Race for the 24th: John Uebersax

In anticipation of forums to be broadcast live on-air by KCRW in Santa Barbara, all candidates for the 24th Congressional district were asked to respond to this questionnaire. The responses have been published without editing.

Given how dysfunctional Congress is now, how do you intend to get anything done?

We’ve got to look at the structural causes of gridlock. A major factor is that the power elite — Wall Street, international banks, corporations, oil companies, the defense industry, etc. — want to divide and conquer the American public. As long as we remain divided, these special interests, which manipulate both parties with lobbying and campaign donations, achieve their goals unopposed. The wars today are the worst manifestation of the elite agenda.

To combat this we must take steps to emphasize unity and solidarity, mutual affection and a sense of common purpose. There is an urgent need today to come together patriotically as a nation and face the problem of militarism. We must confront the terrible reality of US military imperialism and work together to stop it. This is the great opportunity of our time.

How would you prevent another oil spill like the Refugio Spill in Santa Barbara?

Naturally I would prefer to stop all offshore oil drilling in Santa Barbara. As a native Californian, especially, I value the natural beauty and ecological health of our coast. Nevertheless dependence on foreign oil has had serious negative effects on our national security. An oil-based economic partnership with Saudi Arabia, in particular, has caused the US to turn a blind eye to human rights abuses in that country and their support of radical groups in the Middle East and Europe. Therefore, on balance, I would support limited offshore drilling for the time being. However we must insist on the most exacting standards and practices to achieve new levels of safety. This can be done by working with oil companies to implement programs of total quality management, and by developing a cooperative, not adversarial, relationship between citizens, environmentalists, oil companies and government oversight agencies.

After the recent San Bernardino shooting and the shootings in Isla Vista, how would you reshape laws surrounding gun control?

A major source of violence today is the massive militarization of our country. A state of perpetual war, inhumane and illegal drone strikes, and unlawful detention and torture have introduced violence, callousness, anger and fear that circulate throughout our society. One might even say that violent episodes and mass shootings are a ‘karmic’ price we pay for our own aggression overseas. The most direct and effective way to stem the tide of anger and violence is to stop operating as a ruthless military empire.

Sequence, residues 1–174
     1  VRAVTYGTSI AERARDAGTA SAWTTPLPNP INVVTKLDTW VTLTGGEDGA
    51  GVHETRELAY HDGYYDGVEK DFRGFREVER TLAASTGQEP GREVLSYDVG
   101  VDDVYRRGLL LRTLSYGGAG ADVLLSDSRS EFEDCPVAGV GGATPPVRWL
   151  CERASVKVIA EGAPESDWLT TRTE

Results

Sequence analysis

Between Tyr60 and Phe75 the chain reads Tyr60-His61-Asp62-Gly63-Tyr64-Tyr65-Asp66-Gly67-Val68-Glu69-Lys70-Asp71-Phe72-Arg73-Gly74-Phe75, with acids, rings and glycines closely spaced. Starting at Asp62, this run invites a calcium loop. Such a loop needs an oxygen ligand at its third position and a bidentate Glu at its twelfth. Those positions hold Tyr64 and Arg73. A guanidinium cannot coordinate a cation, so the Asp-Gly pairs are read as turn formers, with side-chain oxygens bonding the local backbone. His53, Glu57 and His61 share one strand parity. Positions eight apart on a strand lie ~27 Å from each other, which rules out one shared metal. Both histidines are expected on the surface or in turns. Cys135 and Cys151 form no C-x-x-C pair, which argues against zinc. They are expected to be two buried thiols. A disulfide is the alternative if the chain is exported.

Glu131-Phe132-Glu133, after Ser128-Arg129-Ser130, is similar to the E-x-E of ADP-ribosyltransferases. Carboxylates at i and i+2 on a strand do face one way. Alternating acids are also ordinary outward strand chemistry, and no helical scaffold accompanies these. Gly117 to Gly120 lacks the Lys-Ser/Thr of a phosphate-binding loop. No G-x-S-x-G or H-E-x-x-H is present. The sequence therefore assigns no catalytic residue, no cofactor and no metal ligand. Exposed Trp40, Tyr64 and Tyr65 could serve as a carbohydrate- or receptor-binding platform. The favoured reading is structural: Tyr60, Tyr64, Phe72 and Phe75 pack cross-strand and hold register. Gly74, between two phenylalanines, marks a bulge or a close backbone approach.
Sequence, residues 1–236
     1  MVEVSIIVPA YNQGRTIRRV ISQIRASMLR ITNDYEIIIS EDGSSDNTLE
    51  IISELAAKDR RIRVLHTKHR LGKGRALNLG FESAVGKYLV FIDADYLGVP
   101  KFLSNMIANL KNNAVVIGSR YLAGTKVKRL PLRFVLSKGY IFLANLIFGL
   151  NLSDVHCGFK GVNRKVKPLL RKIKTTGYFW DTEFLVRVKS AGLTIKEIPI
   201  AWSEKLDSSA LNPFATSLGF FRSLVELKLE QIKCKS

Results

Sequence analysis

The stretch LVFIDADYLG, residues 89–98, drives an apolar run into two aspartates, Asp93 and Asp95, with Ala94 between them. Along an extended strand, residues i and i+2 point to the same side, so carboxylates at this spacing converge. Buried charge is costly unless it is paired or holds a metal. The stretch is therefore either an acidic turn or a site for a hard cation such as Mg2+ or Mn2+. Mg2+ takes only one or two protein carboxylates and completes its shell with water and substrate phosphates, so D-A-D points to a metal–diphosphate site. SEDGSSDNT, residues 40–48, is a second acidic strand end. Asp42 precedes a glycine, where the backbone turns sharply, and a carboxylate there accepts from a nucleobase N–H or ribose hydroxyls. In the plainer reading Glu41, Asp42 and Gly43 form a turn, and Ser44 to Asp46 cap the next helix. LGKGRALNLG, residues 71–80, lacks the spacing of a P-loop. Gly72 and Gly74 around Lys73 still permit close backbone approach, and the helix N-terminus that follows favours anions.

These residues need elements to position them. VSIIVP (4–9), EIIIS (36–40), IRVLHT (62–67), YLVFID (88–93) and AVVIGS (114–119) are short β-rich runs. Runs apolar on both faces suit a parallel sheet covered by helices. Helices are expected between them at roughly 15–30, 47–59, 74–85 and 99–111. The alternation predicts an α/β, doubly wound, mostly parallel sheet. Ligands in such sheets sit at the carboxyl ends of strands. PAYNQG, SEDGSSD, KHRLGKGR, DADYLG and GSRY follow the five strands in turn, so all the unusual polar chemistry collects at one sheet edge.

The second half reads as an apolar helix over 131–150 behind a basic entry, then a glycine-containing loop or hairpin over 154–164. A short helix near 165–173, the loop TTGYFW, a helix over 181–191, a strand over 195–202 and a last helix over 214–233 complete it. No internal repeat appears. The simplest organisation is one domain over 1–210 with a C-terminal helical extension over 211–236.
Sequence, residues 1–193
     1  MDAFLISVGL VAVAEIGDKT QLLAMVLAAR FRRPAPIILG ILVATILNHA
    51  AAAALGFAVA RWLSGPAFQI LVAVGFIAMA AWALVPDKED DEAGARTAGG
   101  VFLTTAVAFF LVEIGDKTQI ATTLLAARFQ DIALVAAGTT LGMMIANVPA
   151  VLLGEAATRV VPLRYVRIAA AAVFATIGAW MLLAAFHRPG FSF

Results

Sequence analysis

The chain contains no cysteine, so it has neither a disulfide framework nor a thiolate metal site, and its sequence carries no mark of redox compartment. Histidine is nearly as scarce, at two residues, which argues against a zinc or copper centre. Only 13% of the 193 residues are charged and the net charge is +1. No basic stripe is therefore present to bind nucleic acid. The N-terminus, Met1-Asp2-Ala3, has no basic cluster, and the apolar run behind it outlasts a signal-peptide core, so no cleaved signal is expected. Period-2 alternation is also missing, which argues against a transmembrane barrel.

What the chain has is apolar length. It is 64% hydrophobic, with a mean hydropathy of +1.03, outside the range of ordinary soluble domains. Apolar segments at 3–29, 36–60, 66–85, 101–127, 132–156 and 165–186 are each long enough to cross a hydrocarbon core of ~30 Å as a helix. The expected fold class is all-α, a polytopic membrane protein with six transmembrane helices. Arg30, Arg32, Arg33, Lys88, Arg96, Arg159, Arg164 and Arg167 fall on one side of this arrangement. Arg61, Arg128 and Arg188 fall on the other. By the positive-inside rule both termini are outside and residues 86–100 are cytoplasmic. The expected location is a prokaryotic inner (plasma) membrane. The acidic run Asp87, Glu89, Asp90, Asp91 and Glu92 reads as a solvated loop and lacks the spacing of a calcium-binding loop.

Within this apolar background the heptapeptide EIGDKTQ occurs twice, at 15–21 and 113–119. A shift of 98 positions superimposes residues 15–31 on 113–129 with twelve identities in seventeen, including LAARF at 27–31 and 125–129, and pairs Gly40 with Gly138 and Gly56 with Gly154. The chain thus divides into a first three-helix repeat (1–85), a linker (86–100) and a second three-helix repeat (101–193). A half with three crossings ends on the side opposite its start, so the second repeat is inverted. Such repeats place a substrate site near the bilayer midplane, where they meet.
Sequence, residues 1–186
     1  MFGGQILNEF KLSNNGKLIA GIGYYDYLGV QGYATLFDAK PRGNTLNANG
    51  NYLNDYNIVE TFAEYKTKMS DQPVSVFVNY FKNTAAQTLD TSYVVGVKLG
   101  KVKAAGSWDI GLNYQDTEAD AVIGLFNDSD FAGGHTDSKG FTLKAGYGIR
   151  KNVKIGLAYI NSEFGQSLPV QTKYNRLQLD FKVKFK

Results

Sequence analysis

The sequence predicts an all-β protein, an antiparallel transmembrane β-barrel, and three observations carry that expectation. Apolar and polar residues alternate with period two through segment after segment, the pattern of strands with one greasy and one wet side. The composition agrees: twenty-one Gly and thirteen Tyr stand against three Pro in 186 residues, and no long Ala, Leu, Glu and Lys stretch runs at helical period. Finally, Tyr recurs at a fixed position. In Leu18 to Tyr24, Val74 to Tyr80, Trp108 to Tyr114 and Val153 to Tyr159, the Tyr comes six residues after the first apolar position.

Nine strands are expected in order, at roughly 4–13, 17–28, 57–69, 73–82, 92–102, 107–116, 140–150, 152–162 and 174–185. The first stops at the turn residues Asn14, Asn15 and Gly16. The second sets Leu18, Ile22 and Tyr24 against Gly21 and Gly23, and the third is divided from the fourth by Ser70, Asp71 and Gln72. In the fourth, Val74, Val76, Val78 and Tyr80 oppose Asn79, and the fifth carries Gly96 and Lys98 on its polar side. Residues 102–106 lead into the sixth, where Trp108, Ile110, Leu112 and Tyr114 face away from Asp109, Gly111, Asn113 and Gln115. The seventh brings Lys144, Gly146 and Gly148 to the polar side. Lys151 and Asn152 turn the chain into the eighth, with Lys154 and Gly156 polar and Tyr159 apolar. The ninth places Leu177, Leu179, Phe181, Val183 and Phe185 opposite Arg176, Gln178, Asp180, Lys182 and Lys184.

These unjust wars show that our government is capable of great injustice and violence. If citizens retain the right to bear arms, we may prevent in this country such military actions against civilians as occurred in Tiananmen Square in China. However we must work harder to draft and enforce common-sense laws that monitor and regulate civilian arms purchase and trading.

How would you handle the issue of undocumented workers and the need for labor across the district?

What isn’t getting enough attention is the negative effects that the US drug war is having in Latin America. The counter-productive drug war contributes in a major way to violence and economic instability in the region. There is no reason why there shouldn’t be economic growth and jobs in Mexico and Central America, where many illegal immigrants come from. We should stop the drug war, and instead look for ways to provide economic assistance to Latin America.

At the same time, immigrants already here should be treated fairly and with dignity. I favor liberal amnesty for undocumented workers, a clear path to citizenship and free legal assistance to help with administrative obstacles. However, those not interested in working — freeloaders and criminals — should be sent home.

Recent studies have shown that on average students graduate with $30,000 in student debt. What would you do to help make college more affordable?

The high tuition we see today is grossly unfair and irresponsible. Young people should be encouraged to do things like travel and explore their creative potential, not forced to become wage slaves at 21 to pay back student loans. High tuition and student loan debt, combined with things like high taxes, unaffordable housing, and few good jobs, are making young people the new underclass today.

To combat high tuition I founded and direct Californians for Higher Education Reform, and have outlined simple steps to drastically reduce the cost of college. These include: (1) banning diploma discrimination, so that if one is qualified for a job, a college degree shouldn’t be required; (2) phasing out undergrad student loans, which merely enable colleges to raise tuition and fees to any level; (3) credit interchangeability across all colleges; and (4) letting students test out of any class if they know the subject matter.


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